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QPIRG and CKUT survive, voter turnout up 9.5 per cent

The fall semester’s referendum questions passed with an overwhelming majority, announced Elections McGill last Thursday. Two of these questions were to determine whether QPIRG McGill and CKUT Radio should continue to receive student funding and if these fees should be opt-outable in person rather than online via Minerva. QPIRG’s existence was approved by a vote of 65.6 per cent of voters for, 28.5 per cent against (with 5.8 per cent abstentious), while CKUT’s existence was extended by 72.3 per cent of voters for, 20.6 per cent against, and 7.1 per cent abstentious.

Despite concerns from some students that quorum would be difficult to achieve, voting turnout was 24.7 per cent of the undergraduate student body, notably higher than the required 15 per cent. SSMU President Maggie Knight noted that this referendum showed an increase in student participation as compared to previous years.

“I’m really happy that we saw voter turnout increase a lot. [Turnout on the fall referendum] last year was 15.2 per cent, so this is 9.5 per cent up from last year,” Knight said. “It’s good to see more students involved in a democratic way. Obviously, I think this was spurred by the issue—I know Elections McGill put a lot of effort into promotion this year but the CKUT and QPIRG ‘Yes’ committees were on the ground every day and pressed really hard.”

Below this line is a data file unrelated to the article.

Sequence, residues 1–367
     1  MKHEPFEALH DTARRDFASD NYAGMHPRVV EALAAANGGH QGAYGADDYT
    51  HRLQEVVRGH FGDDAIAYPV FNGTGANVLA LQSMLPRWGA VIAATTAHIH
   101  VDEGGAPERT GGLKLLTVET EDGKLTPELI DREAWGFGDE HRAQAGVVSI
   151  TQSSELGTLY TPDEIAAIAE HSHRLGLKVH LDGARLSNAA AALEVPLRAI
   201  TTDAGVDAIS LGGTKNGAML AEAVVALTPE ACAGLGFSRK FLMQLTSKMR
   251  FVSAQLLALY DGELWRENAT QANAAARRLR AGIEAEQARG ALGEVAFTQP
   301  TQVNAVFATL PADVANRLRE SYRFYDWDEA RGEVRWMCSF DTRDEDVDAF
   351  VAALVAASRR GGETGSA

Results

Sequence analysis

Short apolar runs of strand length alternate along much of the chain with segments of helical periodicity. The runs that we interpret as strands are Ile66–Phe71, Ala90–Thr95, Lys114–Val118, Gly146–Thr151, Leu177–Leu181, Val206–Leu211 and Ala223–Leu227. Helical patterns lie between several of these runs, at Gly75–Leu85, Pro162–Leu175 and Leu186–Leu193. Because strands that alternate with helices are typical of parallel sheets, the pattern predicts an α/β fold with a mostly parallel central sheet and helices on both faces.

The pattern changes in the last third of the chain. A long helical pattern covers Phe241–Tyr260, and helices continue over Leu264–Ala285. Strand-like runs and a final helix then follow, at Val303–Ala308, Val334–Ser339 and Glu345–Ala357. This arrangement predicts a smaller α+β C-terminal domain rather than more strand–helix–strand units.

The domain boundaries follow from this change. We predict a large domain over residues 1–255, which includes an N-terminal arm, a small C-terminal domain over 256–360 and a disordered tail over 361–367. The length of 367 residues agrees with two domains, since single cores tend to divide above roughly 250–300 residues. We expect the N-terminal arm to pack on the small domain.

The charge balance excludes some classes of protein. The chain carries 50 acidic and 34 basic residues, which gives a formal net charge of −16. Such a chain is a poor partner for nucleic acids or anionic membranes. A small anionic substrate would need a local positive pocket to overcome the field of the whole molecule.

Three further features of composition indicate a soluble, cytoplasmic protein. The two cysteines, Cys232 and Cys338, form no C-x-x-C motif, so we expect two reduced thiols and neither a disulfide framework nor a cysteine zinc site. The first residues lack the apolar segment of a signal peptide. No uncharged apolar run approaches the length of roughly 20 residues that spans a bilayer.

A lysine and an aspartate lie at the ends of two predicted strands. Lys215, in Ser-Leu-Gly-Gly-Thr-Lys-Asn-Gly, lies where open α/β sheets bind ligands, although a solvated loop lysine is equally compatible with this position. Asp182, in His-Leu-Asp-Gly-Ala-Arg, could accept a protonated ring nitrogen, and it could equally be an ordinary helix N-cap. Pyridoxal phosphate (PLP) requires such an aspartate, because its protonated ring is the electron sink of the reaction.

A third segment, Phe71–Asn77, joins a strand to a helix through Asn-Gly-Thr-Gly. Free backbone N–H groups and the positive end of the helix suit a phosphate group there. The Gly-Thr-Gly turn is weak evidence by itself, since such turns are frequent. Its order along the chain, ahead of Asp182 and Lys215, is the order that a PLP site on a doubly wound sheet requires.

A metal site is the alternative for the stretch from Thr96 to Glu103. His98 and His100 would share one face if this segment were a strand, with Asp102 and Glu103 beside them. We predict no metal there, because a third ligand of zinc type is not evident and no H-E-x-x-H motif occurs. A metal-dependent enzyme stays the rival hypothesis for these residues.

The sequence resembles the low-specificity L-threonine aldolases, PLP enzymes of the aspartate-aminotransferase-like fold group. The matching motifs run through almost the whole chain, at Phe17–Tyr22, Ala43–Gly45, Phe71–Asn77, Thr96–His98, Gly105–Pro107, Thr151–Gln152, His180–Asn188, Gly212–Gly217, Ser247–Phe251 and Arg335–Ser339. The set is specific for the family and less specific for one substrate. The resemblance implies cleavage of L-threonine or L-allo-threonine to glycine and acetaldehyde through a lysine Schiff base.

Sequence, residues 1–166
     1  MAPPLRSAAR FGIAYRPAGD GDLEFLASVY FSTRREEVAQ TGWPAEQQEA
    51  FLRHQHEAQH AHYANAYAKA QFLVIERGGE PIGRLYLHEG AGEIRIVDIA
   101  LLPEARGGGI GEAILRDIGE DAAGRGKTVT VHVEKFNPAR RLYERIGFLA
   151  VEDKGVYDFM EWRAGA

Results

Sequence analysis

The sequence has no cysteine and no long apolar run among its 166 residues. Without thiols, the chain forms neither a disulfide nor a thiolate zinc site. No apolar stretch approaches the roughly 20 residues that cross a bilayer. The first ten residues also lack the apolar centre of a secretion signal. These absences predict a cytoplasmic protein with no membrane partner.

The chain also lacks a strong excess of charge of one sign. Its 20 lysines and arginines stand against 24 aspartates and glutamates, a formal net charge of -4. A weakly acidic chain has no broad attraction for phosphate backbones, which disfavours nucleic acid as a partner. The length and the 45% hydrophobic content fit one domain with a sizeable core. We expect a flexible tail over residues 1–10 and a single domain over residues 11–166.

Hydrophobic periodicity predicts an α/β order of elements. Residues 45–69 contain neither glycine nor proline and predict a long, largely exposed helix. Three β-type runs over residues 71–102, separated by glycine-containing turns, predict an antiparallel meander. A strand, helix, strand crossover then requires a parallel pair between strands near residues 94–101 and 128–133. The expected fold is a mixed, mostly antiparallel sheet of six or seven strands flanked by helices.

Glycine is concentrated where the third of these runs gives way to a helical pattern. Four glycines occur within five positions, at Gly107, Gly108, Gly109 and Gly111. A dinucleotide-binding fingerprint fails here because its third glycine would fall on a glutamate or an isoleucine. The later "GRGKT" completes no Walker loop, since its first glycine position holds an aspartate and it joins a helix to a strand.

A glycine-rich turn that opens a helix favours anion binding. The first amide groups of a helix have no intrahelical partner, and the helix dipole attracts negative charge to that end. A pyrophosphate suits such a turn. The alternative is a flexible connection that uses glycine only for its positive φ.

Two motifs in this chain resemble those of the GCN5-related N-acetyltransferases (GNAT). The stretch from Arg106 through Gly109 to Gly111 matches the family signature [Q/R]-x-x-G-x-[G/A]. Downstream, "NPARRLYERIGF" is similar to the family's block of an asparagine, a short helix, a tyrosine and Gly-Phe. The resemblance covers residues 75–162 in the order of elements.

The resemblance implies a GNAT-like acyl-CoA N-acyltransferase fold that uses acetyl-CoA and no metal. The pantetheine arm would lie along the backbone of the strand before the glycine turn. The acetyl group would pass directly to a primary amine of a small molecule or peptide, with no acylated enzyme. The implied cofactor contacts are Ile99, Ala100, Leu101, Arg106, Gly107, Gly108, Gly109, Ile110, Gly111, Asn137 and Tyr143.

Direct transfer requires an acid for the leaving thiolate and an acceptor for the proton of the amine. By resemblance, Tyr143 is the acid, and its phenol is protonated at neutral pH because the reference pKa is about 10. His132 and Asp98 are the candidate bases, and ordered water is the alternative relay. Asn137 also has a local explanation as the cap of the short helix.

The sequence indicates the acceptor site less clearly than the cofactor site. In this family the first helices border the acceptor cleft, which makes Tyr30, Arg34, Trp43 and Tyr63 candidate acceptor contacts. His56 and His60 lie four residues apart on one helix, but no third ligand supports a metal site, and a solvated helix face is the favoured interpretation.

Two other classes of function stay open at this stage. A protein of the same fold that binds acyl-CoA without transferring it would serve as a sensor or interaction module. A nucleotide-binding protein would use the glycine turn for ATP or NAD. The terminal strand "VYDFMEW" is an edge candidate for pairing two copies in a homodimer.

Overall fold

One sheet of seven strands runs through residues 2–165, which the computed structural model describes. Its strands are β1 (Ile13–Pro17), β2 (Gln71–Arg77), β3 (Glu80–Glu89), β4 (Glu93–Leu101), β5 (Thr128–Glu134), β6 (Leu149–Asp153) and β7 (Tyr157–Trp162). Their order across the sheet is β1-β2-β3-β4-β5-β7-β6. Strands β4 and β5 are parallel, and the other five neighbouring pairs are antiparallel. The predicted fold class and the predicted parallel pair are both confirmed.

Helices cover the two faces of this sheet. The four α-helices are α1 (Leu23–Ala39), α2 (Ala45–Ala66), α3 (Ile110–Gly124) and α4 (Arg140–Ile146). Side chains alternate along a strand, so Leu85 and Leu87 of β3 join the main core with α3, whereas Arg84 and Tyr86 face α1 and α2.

Following the vote, the atmosphere was festive, with large numbers of supporters of QPIRG and CKUT celebrating the referenda results. Danji Buck-Moore, a U3 arts student who campaigned for QPIRG, shared his excitement with the Tribune.

“I think it’s a relief to a lot of people who worked really hard on this. It shows that the mandate exists for these organizations to actually be here and work for students,” he said. “Students support student life. At least temporarily, hopefully this will silence the claims that [QPIRG and CKUT] are fringe groups, because they clearly are not.”

Niko Block, co-chair of the CKUT ‘Yes’ committee and board member of CKUT, also noted his happiness with the results.

“It’s wonderful to see such overwhelming student support for the organizations,” Block said. “My hope is that the university will recognize this vote and that negotiations go more smoothly than they have gone with MUNACA and other issues.”

Block was not surprised that quorum was achieved, as his campaign was informed by Elections McGill that quorum had been met on Tuesday morning.

“[Quorum is] really what we wanted. For my part I felt like, ‘You know what, if we get quorum and we lose, then so be it, at least we got quorum, at least it was a good vote,'” he said. “We were a little nervous but mostly excited and we obviously exploded with joy when we found the vote was ‘yes.’ It was awesome.”

For students who did not agree with the phrasing of the question, there is much anticipation about how offline opt-outs will affect them.

“I would like QPIRG and CKUT to clearly indicate their opt-out process and explain how they’re going to do this,” Stephen David, U3 mining engineering, said. “Once all the people who remember that fees are opt-outable have graduated, are QPIRG and CKUT still going to mention that these fees are opt-outable? Or are they going to forget about it?”

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